Parent Coordinator
by Neil S. Grossman, Ph.D.

Parent Coordinator (PC) is a recently developed professional role that is used in a number of states. It was introduced in New York State in 2003.

The goal of a PC is to resolve recurrent disputes concerning implementing a court ordered parenting plan. Professionals in this role are appointed by the Court when stipulated to by the parents. The parents may give the professional the power to make certain decisions when they are not able to resolve parenting-plan issues. Psychologists typically are used as PC.

PC deal with the conflicts that develop when the parents attempt to implement the court ordered parenting plan, such as: day to day variations in time sharing arrangements, special events, meeting the children’s changing developmental needs, and transportation and exchange. They also may recommend and monitor psychological counseling for the children, manage cases when a parent and child are rebuilding an interrupted or damaged relationship, or when one parent’s care-taking capacity is intermittently interrupted by a recurring problem such as substance abuse or mental illness.

The advantages to the use of a professional in this role are that the PC can facilitate appropriate parenting, reduce conflict, improve communication, keep children out of the “middle,” and make small adjustments in a timely fashion that would otherwise require reintroduction of a case to the Court calendar.

Appointment of a PC is typically for a specified term that can be renewed upon agreement of the parties. If both parents agree the contract can be terminated prior to the end of the term. Issues of confidentiality are specified as are the areas of decision making. There usually is access to non-parties, the children, and privileged information to obtain necessary data. The appointment order specifies whether the PC may be called as a witness in subsequent legal actions. In most states the appointment provides quasi-judicial immunity from lawsuits.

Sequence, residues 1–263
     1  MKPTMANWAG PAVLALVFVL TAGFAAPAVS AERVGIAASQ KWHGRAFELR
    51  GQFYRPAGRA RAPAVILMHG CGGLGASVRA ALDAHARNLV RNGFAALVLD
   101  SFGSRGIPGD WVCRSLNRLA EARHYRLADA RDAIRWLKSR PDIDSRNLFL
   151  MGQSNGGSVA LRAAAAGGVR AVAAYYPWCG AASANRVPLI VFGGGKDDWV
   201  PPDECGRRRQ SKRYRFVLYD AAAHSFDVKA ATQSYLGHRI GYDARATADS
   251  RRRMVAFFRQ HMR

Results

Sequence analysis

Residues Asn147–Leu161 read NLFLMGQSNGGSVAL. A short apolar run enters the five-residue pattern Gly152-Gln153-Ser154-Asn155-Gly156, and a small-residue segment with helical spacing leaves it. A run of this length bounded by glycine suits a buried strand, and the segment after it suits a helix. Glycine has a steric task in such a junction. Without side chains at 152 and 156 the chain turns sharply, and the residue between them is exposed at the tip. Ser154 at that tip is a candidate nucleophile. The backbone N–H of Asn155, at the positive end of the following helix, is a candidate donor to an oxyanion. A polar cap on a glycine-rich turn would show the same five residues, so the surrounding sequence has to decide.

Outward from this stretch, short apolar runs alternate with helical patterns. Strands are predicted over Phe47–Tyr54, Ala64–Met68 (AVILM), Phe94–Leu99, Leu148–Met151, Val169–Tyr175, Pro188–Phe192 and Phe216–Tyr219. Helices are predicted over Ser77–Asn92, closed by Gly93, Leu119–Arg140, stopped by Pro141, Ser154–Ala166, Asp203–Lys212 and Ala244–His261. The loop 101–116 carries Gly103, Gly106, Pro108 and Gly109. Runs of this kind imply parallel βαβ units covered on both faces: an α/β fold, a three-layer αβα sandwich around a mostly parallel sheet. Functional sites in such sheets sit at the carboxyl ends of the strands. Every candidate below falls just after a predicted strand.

Agreements and decisions of the PC are usually made in writing with a copy provided to the court. A mechanism frequently is available that enables a parent to object to recommendations, but they remain in place until reviewed by the Court. The Court usually will not change a recommendation unless there is a substantive reason. This provides judicial review.

Specified fees for the service are paid by the parents and may be apportioned between the parties. If one party prompts unnecessary fees the PC may have the authority to change the proportion for that service.

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